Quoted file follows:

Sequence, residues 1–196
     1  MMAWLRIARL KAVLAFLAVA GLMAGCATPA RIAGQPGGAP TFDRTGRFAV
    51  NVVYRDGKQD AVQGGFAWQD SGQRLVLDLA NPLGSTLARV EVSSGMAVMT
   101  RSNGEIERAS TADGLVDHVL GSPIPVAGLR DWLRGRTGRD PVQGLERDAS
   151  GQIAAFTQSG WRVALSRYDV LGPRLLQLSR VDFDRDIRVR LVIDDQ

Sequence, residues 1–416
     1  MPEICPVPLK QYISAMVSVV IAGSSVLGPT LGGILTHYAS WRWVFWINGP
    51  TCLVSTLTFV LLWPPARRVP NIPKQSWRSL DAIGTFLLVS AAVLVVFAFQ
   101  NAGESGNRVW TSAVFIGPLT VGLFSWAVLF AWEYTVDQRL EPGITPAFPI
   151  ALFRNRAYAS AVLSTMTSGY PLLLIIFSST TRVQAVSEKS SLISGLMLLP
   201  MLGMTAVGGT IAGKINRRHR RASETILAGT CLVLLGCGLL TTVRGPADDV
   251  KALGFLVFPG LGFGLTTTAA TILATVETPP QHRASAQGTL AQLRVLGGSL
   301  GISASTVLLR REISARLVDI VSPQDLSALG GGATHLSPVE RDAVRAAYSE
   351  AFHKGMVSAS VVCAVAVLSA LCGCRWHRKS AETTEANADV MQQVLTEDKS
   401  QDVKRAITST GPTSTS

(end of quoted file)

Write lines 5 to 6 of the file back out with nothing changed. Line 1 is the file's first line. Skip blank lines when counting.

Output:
   151  GQIAAFTQSG WRVALSRYDV LGPRLLQLSR VDFDRDIRVR LVIDDQ

Sequence, residues 1–416